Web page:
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It's best to think of it this way: this supercar was doomed from the start.
It seemed like a good idea to start this series off with a cautionary tale, an example of how not to start your own supercar company. This should help not only to show the kinds of odds which boutique manufacturers are up against, but it should also serve as an example of why you should leave your ego out of the process of making cars. It also helps if you aren't completely delusional, but we'll get to that in a bit.
The M12 was the last model which was actually built by Vector, but it is necessary to give a bit more history on the company if the car is to be understood. The first car built by Vector Motors founder Jerry Wiegert was nothing more than a design study. It was shown at the 1972 Los Angeles Auto Show, and even appeared on a cover of Motor Trend in that same year. The car was called the Vector, and plans were made for a number of different engines to be used for it, but in the end the whole project fizzled out. Then, in 1978, Wiegert started up again, producing the W2 prototype. The W2 used a twin-turbo Chevy 350 engine and produced a claimed 600 horsepower.
Top speed was claimed to be 200mph, although Vector never allowed this to be verified. The prototype was tweaked and repainted a number of times to create the impression that several different prototypes were being built and that the idea was being evolved. It wasn't until 1989 that an actual production car was made. The production model was called the W8, and was essentially an evolution of the now-outdated W2. This was built with money from lawsuits against Goodyear Tires and the Vantage cigarette company for infringing on the Vector name.
Also investing heavily in Vector was a company called Megatech, famous for flipping the Lamborghini
brand, buying it from Chrysler
for $40 million in 1994 and then selling it a few years later for $110 million. The company was owned was by the son of the president of Indonesia, and some Malaysian businessmen, although it seems that most of the money came from bank accounts in Bermuda. These investors, as well as others, got tired of waiting for Wiegert to actually build the cars he had designed, and accused him of using their money to finance his own luxurious lifestyle.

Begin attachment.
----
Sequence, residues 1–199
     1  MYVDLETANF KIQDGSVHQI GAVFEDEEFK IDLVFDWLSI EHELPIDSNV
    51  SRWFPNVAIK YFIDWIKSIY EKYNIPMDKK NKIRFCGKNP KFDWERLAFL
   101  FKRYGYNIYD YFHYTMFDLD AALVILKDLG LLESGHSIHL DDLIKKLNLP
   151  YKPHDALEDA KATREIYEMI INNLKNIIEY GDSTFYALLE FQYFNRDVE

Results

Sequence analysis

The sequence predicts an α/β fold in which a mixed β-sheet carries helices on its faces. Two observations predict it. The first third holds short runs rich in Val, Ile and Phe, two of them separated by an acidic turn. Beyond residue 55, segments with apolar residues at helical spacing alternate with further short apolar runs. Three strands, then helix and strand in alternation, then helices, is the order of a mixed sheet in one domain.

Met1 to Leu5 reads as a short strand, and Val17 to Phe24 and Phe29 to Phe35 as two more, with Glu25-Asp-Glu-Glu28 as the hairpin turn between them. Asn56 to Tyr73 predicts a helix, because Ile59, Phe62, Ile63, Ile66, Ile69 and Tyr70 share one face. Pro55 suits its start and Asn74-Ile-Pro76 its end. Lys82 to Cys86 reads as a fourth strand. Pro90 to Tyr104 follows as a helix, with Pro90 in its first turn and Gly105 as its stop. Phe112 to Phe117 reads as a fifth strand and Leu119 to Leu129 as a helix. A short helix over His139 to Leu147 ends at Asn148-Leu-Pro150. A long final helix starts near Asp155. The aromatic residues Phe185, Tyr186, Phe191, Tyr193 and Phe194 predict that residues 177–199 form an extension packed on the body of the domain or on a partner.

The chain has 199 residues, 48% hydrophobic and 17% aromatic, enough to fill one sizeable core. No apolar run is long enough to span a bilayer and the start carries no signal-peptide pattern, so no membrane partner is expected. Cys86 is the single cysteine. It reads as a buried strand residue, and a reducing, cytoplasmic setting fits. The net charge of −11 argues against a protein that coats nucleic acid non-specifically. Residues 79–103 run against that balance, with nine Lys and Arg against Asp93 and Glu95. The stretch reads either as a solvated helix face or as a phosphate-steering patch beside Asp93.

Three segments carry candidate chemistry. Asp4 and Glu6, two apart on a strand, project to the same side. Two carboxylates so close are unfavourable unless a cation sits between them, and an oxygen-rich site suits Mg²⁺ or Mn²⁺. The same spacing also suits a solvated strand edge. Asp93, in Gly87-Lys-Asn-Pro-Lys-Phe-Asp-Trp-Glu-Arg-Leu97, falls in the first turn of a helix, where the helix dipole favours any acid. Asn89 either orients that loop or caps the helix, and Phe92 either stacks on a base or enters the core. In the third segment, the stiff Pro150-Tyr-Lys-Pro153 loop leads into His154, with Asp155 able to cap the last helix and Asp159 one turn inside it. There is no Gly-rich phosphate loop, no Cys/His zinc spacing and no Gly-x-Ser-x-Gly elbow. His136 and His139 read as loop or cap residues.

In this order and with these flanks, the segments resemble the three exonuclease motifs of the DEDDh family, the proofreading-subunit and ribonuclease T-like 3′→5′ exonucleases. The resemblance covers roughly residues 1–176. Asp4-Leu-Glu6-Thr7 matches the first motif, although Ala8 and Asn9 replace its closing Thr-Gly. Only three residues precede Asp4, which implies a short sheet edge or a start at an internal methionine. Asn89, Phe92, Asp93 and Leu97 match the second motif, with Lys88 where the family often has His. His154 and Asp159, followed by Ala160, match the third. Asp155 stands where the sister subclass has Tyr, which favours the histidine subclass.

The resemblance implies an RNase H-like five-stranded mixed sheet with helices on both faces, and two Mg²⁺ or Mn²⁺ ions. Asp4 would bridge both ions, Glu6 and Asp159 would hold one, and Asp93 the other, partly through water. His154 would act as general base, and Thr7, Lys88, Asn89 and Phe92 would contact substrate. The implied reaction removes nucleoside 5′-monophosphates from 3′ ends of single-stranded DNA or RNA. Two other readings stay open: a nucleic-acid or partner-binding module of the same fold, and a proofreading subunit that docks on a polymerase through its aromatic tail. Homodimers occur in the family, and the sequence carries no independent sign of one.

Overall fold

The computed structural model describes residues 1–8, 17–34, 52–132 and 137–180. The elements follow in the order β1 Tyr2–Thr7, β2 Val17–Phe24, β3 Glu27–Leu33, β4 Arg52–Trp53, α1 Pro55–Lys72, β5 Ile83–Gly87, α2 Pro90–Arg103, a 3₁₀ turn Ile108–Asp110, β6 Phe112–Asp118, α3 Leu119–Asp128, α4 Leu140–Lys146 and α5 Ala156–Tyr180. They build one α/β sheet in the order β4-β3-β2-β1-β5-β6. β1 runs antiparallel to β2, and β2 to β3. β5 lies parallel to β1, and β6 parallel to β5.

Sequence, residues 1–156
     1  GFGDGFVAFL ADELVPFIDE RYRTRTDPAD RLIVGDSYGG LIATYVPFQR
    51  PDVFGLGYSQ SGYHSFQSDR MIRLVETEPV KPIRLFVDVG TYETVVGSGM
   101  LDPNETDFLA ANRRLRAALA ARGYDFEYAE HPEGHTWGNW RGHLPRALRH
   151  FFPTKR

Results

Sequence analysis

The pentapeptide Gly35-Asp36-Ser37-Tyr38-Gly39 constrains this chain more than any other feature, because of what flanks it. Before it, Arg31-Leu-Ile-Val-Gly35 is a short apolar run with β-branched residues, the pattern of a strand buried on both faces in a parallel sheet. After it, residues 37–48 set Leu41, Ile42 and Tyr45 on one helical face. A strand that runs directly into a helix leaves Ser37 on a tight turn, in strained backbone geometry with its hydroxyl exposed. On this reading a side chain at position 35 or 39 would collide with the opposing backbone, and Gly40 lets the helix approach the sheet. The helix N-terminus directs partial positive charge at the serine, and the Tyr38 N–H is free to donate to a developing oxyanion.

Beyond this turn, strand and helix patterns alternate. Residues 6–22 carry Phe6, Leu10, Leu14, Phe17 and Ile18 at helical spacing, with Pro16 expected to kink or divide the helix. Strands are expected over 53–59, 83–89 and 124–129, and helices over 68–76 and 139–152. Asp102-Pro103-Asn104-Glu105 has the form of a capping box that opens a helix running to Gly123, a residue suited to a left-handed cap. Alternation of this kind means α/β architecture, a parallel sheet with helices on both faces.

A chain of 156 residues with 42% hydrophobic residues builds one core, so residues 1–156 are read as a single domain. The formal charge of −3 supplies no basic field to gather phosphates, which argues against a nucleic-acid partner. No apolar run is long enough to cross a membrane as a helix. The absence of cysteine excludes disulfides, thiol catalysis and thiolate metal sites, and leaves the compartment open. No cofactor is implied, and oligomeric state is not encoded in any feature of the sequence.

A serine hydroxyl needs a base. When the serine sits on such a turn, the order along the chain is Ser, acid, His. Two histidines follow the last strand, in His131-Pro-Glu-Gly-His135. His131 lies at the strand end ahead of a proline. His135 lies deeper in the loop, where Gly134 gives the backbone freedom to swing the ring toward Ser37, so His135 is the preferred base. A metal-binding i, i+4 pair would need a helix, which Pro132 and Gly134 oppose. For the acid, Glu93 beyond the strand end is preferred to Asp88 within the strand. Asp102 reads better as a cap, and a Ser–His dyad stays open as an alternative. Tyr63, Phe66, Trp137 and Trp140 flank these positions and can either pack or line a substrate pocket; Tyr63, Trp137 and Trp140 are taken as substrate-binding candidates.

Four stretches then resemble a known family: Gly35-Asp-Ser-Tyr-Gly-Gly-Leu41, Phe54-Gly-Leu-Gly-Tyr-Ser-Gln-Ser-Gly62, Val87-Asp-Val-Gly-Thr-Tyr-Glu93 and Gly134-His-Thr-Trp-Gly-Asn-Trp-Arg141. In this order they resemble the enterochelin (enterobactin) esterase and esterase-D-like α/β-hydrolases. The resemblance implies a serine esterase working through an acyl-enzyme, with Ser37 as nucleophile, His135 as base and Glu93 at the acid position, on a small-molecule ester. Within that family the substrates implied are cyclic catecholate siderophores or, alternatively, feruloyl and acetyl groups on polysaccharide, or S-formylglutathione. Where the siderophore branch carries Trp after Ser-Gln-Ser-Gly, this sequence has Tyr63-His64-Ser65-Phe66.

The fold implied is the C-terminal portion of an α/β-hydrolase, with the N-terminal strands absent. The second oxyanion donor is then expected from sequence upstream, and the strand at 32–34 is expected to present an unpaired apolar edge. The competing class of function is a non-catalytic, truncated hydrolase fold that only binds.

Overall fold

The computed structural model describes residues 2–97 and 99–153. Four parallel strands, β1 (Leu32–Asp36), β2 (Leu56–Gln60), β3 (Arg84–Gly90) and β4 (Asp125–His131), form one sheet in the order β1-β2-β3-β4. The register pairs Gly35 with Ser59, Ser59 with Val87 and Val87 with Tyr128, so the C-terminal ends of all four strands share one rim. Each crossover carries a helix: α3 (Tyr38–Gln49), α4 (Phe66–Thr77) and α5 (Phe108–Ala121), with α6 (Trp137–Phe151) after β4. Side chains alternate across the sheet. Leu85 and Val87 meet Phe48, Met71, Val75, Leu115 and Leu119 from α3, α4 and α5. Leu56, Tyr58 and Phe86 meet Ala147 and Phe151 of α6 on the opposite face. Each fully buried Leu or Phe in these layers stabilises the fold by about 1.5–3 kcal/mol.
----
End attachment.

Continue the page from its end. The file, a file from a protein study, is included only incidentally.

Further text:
Another person who was growing impatient was tennis player Andre Agassi, who had ordered a W8 and paid $455,000 for it. When Vector finally delivered the car, it almost immediately caught fire, and Vector was forced to take it back and refund Agassi's money. Only 17 copies of the W8 were actually built, between 1989 and 1993, and in the interest of fairness, most did not catch fire. Following the W8 was the WX-3, a car which existed only in concept form. By 1993, Megatech had had all they could take from Wiegert, and since they were now majority shareholders, he was fired.
Wiegert responded by changing the locks on the Vector plant, hiring armed guards, and telling any press who would listen that he hadn't really been fired. Eventually, a judge forced him to hand the company over. After acquiring Lamborghini the following year, Megatech secured a new source for engines, and decided to build a new Vector model, the M12. This was largely based on the WX-3, but with a Lamborghini V12 in place of the Chevy unit. Jeremy Clarkson once called the M12 "the worst car in the world", and Megatech only sold 14 of them, less than Wiegert had sold of the W8.
Megatech shut down production, and it has since been reacquired by Wiegert, who was said to be planning another model, called the WX-8. The car was supposed to produce 1,850 horsepower and achieve a top speed of 275mph, but after the prototype was built, we haven't heard much about the car since 2008. He was still said to be looking for additional funding back then, and must not have found it. A weird spin campaign seems to be being waged on Vector's behalf on the internet. Wikipedia pages for the company, its cars and the people involved (mainly Wiegert) read like press releases, heaping praise on this failed company.
Vicious accusations are made of Andre Agassi and Megatech boss Tommy Suharto, blaming them for Vector's misfortune. To be fair, Suharto has been convicted of a number of crimes, including graft, the ordered killing of a Supreme Court judge; although he was never convicted of any wrongdoing in connection to Vector. The articles lack citations, and the few given are mostly dead links or links to other sites which allow user contributions but don't require citations, and these articles very closely resemble the Wikipedia article in style and wording.
There are notes to the effect that these articles don't meet Wikipedia's standards, and as of this writing, they were last edited yesterday. The whole story of Vector seems to be one of massive egos and questionable business practices. It's not the first company like this, and neither was it the last (remember the recent Mosler debacle?). It's difficult not to be suspicious of the motives involved, but in the end it seems like the work of a man who simply can't accept that he isn't brilliant.